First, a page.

Like I said, I got mine at the library, but you can buy a copy as well through the Amazon link above. You can also download the first 20 pages of this graphic novel from publisher Fantagraphics to see if it’s your bag.
For several months last year, I did weekly interviews with some of the people who make the Disney X D Ultimate Spider-Man cartoon. It was a really fun experience that resulted in some fantastic interviews over on CBR. Thanks to some scheduling shifts, I’m not doing those at this point, but I still have a soft spot in my heart for this cartoon that started bringing all kinds of alternate universe Spideys into the mix. Of course, this makes for a great deal of fun toy opportunities that license-holder Hasbro has started fully taking advantage of with their Web-Slingers line.
A month or two back, I received a box of toys for review from Hasbro that included the basic Spider-Man figure, Agent Venom Figure with ATV vehicle, Iron Spider Blaster glove and the Trickshot Showdown playset. The overarching action feature for this line is a series of stretchy rubber webs that hook onto parts of the toys and launch into various targets. Even though my nearly-four-year-old tried to get me to open them up for weeks, we didn’t get to it until last week. I figured it would be fun to record the whole thing with my Flip camera and post the results which you can see here. I would have cut the nearly 10 minute video down, but every time I looked to edit, the kid started doing something cute.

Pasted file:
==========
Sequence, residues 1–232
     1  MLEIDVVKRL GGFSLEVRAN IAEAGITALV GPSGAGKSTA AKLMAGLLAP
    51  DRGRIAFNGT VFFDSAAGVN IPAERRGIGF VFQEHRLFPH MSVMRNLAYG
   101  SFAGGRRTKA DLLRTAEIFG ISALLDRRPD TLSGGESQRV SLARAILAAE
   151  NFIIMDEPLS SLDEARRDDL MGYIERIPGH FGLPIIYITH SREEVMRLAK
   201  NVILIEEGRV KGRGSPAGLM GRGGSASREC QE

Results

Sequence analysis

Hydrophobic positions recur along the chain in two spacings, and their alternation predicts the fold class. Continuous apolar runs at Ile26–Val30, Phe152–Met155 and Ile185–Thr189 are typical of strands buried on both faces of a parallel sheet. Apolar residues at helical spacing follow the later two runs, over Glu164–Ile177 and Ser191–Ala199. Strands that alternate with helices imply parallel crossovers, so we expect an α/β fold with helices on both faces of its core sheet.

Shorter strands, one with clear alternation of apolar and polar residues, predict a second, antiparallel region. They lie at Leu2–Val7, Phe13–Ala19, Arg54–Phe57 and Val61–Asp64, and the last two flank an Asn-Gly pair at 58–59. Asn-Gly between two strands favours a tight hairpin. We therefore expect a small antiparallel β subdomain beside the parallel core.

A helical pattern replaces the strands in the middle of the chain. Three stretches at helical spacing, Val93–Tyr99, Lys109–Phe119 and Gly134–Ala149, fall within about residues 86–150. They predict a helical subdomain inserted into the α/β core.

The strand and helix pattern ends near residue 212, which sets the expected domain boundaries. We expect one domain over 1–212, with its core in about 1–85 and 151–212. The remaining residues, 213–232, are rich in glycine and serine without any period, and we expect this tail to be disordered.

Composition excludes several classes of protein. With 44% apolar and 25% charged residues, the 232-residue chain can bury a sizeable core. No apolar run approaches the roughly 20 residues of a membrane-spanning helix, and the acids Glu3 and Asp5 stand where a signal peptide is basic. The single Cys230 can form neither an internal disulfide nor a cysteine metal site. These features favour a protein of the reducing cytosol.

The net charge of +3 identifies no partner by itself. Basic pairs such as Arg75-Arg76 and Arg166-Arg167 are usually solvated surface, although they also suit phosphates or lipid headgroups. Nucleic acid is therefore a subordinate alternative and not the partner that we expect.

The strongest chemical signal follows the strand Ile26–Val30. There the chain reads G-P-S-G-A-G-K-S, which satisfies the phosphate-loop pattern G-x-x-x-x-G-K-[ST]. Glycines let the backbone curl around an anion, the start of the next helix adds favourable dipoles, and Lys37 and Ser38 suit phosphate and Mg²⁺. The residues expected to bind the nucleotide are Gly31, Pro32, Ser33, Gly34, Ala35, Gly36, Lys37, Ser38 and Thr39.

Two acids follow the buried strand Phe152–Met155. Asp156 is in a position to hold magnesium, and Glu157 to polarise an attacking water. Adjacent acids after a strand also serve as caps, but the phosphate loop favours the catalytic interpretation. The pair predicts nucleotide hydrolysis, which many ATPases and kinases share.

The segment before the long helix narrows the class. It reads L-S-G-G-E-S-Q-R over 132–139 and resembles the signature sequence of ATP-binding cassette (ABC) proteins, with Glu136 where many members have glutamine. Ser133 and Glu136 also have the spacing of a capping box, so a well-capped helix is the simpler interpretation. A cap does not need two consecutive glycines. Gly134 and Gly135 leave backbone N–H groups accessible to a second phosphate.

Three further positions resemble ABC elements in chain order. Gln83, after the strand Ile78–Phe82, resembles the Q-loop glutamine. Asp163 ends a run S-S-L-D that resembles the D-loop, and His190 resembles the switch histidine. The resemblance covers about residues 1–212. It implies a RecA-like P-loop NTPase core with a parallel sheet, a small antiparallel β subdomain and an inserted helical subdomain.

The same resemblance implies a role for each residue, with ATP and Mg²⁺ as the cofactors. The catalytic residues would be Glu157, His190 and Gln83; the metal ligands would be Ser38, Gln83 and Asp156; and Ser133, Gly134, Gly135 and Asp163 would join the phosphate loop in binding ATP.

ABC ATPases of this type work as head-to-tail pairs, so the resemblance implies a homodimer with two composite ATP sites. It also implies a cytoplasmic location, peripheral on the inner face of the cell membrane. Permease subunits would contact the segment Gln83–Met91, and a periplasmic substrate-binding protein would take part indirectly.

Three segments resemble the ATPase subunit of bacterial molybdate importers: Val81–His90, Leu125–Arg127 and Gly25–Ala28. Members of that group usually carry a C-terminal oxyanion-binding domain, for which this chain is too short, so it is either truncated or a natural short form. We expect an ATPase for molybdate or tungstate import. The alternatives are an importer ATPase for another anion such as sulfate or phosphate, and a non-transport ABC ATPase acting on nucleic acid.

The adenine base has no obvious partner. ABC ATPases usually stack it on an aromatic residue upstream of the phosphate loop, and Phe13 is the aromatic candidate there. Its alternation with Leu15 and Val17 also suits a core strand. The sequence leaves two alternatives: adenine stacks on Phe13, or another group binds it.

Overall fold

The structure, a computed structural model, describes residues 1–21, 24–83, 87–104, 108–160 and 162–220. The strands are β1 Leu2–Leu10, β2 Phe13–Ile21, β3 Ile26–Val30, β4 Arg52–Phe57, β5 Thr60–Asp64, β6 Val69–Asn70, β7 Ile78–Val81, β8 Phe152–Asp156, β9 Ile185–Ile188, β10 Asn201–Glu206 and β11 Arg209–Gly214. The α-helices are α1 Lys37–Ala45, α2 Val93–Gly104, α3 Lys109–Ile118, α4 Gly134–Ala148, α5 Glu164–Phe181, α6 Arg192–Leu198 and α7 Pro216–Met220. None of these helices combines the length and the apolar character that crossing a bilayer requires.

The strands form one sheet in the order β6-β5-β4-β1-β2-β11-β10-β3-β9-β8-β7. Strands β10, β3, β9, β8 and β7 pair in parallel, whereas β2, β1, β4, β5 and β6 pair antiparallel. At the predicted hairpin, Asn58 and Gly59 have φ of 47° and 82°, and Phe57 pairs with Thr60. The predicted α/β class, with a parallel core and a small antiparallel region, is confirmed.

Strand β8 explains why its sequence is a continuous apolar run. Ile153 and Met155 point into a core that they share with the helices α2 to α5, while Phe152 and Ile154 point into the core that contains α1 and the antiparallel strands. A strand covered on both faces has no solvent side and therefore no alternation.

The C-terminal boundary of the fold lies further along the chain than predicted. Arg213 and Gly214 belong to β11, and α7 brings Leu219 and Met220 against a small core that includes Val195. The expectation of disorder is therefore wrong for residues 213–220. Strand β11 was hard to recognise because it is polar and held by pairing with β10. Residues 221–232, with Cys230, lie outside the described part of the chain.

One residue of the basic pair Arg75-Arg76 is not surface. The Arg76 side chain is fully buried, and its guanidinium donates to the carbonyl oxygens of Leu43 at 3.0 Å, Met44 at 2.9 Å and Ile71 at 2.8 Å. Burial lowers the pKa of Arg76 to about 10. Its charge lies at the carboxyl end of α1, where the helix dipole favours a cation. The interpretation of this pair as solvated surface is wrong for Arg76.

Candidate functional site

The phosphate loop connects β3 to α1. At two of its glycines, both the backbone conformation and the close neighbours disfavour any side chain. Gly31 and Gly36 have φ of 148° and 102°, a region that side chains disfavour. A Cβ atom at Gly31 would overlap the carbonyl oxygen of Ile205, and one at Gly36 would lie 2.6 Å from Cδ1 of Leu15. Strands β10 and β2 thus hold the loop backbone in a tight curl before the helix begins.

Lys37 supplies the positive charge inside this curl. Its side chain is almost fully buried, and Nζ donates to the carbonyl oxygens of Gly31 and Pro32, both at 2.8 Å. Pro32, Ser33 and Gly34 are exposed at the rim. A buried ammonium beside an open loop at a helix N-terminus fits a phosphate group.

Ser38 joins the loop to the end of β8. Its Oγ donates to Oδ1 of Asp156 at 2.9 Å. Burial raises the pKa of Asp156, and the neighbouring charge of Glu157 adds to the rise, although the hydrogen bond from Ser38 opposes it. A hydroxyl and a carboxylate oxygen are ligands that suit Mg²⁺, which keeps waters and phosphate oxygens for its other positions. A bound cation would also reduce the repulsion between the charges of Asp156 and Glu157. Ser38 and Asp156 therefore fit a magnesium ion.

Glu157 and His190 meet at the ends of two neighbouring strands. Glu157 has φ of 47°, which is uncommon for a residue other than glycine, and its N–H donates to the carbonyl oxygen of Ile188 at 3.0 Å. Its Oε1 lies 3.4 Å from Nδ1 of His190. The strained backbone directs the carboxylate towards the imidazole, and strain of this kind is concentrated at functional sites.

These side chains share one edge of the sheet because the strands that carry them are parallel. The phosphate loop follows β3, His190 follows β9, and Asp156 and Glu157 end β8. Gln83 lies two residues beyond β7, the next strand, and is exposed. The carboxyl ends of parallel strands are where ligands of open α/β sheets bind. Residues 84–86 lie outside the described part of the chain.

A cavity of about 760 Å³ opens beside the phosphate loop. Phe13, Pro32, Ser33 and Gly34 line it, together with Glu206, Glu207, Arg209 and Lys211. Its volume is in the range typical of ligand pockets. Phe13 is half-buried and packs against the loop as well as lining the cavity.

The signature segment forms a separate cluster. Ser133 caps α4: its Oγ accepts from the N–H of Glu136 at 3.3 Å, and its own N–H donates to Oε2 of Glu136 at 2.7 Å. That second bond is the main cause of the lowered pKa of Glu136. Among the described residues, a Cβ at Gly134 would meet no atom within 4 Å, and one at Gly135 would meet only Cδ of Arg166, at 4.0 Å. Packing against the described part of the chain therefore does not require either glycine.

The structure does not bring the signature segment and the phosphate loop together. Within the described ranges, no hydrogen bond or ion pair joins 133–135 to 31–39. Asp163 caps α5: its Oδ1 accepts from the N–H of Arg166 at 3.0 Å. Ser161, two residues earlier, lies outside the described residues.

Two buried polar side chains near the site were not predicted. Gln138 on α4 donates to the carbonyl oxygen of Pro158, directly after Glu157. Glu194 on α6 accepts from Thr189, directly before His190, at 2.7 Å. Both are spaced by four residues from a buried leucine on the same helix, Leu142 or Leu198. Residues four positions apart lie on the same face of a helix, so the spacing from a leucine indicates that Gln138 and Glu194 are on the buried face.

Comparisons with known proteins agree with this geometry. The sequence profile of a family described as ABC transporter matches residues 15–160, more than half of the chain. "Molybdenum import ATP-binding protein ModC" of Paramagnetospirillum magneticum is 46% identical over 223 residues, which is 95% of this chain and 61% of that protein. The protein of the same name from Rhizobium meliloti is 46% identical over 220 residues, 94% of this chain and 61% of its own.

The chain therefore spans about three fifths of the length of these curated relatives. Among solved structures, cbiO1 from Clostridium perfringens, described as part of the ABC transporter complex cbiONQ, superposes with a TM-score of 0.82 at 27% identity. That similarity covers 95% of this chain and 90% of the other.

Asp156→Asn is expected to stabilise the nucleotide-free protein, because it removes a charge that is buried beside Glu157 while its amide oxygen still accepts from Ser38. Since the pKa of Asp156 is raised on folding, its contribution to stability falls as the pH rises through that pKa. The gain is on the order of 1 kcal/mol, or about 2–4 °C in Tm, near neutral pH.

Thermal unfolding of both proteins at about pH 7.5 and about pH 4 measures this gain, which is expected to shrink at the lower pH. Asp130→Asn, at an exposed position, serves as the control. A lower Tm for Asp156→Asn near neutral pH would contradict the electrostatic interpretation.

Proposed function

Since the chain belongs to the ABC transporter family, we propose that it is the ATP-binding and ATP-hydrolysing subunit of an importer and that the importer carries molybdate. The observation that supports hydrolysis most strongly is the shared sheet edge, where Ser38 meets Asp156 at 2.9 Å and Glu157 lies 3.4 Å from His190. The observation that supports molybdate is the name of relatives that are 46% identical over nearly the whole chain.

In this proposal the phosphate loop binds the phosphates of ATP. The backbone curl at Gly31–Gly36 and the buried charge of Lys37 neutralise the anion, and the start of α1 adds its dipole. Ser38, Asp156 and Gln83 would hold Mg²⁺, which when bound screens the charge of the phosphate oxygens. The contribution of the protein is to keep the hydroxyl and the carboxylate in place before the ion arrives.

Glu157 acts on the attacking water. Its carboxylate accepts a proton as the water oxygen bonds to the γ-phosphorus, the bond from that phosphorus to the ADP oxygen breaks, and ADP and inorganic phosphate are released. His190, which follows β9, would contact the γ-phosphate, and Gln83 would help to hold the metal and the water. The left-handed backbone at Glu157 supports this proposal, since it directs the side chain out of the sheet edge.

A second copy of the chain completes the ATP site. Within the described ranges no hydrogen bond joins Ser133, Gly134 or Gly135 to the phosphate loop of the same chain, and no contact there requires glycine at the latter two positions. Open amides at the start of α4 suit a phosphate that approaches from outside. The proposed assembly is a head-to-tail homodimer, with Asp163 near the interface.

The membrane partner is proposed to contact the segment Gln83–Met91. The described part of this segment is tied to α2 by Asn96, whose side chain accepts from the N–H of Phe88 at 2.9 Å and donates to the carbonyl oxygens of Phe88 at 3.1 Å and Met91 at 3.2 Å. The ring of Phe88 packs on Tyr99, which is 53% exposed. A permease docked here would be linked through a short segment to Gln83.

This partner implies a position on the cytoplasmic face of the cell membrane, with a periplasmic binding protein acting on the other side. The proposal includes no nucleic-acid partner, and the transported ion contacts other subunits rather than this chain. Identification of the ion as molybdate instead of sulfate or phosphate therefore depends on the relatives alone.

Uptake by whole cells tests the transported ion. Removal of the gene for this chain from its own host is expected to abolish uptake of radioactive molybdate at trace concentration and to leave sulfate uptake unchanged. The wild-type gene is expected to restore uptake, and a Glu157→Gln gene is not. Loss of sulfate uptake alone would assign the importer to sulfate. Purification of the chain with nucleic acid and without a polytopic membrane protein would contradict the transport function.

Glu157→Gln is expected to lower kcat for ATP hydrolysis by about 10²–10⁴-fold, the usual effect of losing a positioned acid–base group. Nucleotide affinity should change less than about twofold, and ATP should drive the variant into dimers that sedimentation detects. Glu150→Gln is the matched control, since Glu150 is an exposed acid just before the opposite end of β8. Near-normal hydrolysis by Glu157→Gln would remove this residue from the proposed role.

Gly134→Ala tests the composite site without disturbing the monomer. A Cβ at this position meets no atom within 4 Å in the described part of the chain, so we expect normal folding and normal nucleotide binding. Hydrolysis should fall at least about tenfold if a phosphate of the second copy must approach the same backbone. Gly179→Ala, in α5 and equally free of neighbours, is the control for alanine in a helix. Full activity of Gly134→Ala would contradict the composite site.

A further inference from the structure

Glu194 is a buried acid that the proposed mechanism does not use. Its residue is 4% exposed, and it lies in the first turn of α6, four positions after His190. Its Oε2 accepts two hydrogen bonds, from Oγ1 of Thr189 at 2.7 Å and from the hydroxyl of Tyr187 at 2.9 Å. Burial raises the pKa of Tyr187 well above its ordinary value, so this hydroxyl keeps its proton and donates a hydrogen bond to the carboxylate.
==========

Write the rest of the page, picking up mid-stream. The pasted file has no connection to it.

Since recording the video, I’ve placed all these toys back in the box they came in (you can see it in the video) and Lu has taken them out to play with about once a day. It’s funny, she kept asking me what every little part was for — the sticker that looks like steps on the playset, the rubber webs, the shooters, the targets, the crane — but after I told her they’re just they’re to play with, she hasn’t been as caught up on those things.
As a long-time action figure collector and fan, I do have a few comments. First off, these toys look like they fell right off the TV screen which is crucial when dealing with toon-based toys. The figures themselves are a little stiff, but that goes away the more you play with them. The only one that wasn’t is the Venom ATV toy which, contrary to what I said in the video, doesn’t have much in the way of articulation. The knees are permanently bent, which I didn’t notice at the time. I know more joints equal more cost, but I personally love my Spidey figures to be as flexible as possible. Lu doesn’t seem to care about any of that, but it’s something I noticed.